THE PILOT who died with nine others after the police helicopter he was in control of crashed into the Clutha Vaults pub in Glasgow completed a "very accomplished" emergencies simulation 17 months earlier, an inquest has heard.

An Air Accident Investigation Branch probe found that pilot David Traill, 51, one of the ten that died in the tragedy six years ago did not follow emergency protocol and flew on despite low fuel warnings.

A fatal accident inquiry which has entered its 14th day at Hampden heard that Mr Traill had carried out an operator proficencies check which found that "all emergencies were completed to a very high standard".

Glasgow Times:

The checks were overseen by Alexander Stobo, 44, now director of operations for Babcock Critical Services, who was then head of flight operations for the helicopter operators Bond Air Services.

He was asked by Gordon Lamont for the Crown: "Is that as good as it gets?"

He replied: "It is a very high standard."

Mr Stobo was being questioned as the inquiry tries to find answers as to why Police Scotland helicopter G-SPAO crashed through the roof of the Clutha Vaults on November 29, 2013.

Ten people were killed - including three helicopter crew - and 31 people were injured.

Mr Lamont produced a report into Mr Traill's proficiency check from June 19, 2012, which further concluded: "Good overall sortie, let down by a few points. Be aware of the difference between clearances to heights and FLs (flight levels)."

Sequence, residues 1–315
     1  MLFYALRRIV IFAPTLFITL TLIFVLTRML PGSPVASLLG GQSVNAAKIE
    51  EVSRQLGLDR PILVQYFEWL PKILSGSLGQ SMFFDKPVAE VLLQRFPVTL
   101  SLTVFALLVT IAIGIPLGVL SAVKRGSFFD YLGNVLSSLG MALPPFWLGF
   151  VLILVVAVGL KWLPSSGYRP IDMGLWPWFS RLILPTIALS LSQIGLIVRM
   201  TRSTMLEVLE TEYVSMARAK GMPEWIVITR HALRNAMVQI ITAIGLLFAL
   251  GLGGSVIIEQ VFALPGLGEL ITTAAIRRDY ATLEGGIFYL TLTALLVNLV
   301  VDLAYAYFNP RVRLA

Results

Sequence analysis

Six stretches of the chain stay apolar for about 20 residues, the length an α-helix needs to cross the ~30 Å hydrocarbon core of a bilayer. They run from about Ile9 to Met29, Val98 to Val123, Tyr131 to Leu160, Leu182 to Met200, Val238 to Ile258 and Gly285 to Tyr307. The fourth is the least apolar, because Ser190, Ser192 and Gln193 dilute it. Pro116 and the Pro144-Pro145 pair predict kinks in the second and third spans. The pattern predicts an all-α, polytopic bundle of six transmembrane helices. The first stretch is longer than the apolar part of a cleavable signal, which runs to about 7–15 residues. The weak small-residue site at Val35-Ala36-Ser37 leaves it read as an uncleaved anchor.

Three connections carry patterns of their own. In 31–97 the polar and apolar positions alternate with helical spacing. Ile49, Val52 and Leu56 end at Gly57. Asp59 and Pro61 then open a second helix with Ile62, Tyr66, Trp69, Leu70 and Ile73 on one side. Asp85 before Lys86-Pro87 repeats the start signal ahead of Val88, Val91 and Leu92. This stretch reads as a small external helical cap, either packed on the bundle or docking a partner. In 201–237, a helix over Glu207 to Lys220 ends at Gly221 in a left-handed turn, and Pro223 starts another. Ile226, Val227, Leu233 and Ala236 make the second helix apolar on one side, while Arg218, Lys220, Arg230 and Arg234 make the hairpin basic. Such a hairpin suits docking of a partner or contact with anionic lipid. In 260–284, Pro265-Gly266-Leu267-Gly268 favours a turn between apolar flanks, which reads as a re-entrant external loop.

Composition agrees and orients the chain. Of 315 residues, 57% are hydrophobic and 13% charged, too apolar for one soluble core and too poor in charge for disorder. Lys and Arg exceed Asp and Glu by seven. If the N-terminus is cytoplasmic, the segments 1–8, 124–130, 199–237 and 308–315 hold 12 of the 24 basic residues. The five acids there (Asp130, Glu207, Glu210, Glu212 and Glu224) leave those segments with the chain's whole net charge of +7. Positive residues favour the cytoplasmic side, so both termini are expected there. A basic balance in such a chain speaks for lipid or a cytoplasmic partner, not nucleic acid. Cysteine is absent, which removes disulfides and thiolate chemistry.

The inquiry previously heard from Air Accident Investigation Branch senior inspector Marcus Cook that five separate low fuel warnings would have gone off in the doomed Eurocopter EC135 helicopter which crashed into the pub and some of the warnings would have been made intermittently.

In October 2015 a report from the Air Accident Investigations Branch revealed pilot error.

The inquiry was previously told by Mr Cook that the pilot would have been expected to make a PAN call - which would have indicated he had a fuel issue - "long before the final stages of the flight".

Asked if there there were situation where pilots might be reluctant to announce that a PAN or mayday call had been made, Mr Stobo said: "I believe we now have a culture where reporting is open and honest and group learning is gathered."

When asked if after the accident, procedures were put in place check whether aircraft were landing when fuel levels should have given rise to PAN or Mayday calls, Mr Stobo said: "We have an electronic flight monitoring system that has triggers that will alert us if fuel levels on the aircraft go below 90kg."

He said the accident was not the trigger for the introduction of the system.

An AAIB special report found both engines “flamed out”.

One of the fuel tanks was empty, while a second contained 0.4 litres. A third contained 75 litres, but transfer pumps to take this fuel to the other two engine tanks were switched off.

The probe also found fuel transfer pumps were turned off and a controlled landing was not achieved for “unknown reasons”.

And it recommended all police helicopters be equipped with black box flight recording equipment.

Pilot David Traill, 51; PC Tony Collins, 43; and PC Kirsty Nelis, 36, died along with seven customers who were in the bar, Gary Arthur, 48; Joe Cusker, 59; Colin Gibson, 33; Robert Jenkins, 61; John McGarrigle, 58; Samuel McGhee, 56; and Mark O'Prey, 44.

The inquiry before Principal Sheriff Craig Turnbull continues.